I bought into the microfinance system almost 20 years ago. An avid reader at the time of Leo Babauta’s Zen Habits blog, I joined his group lending $25 to people around the world to support their nascent businesses. We used Kiva.
For many years, repayments came in regularly, and I would re-loan the money. I don’t know when I first noticed that the loans were not going to people but to organizations. And the repayments became infrequent. It would be months before one of my $25 loans was repaid in order for me to loan again.
Meanwhile there came a barrage of daily (or more often) emails from Kiva to loan more.
I was growing suspicious. Didn’t know why. But something had changed.
I also started to read little snippets about microfinance not always working.
Then came this article in MIT Technology Review. What happened to the microfinance organization Kiva? A group of strikers argue that the organization seems more focused on making money than creating change. Are they right? By Mara Kardas-Nelsonarchive.
“The Kiva users noticed that the changes happened as compensation to Kiva’s top employees increased dramatically. In 2020, the CEO took home over $800,000. Combined, Kiva’s top 10 executives made nearly $3.5 million in 2020. In 2021, nearly half of Kiva’s revenue went to staff salaries.”
Despite this income, Kiva turned over CEOs almost as fast as the Cleveland Browns turn over quarterbacks.
All this to suggest that we all need to reevaluate our processes and patterns periodically. Sometimes our path had turned into a rut leading somewhere we don’t wish to be.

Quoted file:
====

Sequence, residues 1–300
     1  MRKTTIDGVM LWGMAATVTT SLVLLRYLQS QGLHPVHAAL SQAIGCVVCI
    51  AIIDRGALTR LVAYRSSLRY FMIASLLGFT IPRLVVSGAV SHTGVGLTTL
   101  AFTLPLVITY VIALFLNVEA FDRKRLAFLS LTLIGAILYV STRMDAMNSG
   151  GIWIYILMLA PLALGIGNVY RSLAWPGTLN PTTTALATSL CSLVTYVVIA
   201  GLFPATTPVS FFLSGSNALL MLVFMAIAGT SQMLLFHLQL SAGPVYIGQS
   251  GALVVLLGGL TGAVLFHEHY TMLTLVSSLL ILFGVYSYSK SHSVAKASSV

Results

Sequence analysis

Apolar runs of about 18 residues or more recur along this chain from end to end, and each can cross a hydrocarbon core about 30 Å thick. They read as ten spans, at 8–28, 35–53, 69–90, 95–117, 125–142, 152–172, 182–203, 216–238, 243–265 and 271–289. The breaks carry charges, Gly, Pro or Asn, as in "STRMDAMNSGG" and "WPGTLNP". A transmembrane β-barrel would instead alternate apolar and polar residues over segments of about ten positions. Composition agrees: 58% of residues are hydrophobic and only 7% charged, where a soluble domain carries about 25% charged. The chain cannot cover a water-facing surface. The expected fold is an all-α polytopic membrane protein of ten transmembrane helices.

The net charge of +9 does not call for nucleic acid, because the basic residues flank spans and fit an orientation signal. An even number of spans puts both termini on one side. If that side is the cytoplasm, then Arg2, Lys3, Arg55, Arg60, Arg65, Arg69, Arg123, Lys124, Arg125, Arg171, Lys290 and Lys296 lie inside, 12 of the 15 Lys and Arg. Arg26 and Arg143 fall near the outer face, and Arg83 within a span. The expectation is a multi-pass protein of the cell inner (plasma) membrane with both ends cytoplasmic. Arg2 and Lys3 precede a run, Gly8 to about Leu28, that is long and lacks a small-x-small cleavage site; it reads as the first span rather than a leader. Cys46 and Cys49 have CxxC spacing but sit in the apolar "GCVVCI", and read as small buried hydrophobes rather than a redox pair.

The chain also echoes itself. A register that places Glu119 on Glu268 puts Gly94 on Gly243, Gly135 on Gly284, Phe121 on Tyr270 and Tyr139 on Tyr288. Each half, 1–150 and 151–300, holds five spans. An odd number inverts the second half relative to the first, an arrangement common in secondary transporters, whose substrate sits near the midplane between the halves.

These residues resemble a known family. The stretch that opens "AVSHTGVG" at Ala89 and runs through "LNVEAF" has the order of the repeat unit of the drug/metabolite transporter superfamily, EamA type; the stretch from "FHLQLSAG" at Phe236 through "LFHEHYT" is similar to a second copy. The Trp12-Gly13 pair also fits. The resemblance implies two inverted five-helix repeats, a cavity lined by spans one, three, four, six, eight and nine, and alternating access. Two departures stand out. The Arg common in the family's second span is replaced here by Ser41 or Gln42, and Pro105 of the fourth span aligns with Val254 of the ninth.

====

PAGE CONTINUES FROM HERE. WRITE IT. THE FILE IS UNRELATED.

This works for leadership, as well. It is good to have people question processes from time-to-time. The process that worked ten years ago may be detrimental today.
Executives, especially in Silicon Valley, have been on a concerted campaign to force their remote workers to return to the office. A few academic and/or journalist writers have tried to provide support by pointing to “studies” that show that when people work together they are more productive. On the other hand, there are studies (see links below) that show the opposite.
I recently listened to an interview with a Silicon Valley entrepreneur who wants employees in the office three days per week. The reason—meetings. He thinks meetings are great. And looking at the “Brady Bunch” gallery of faces unsettles him. He needs to focus on one face at a time.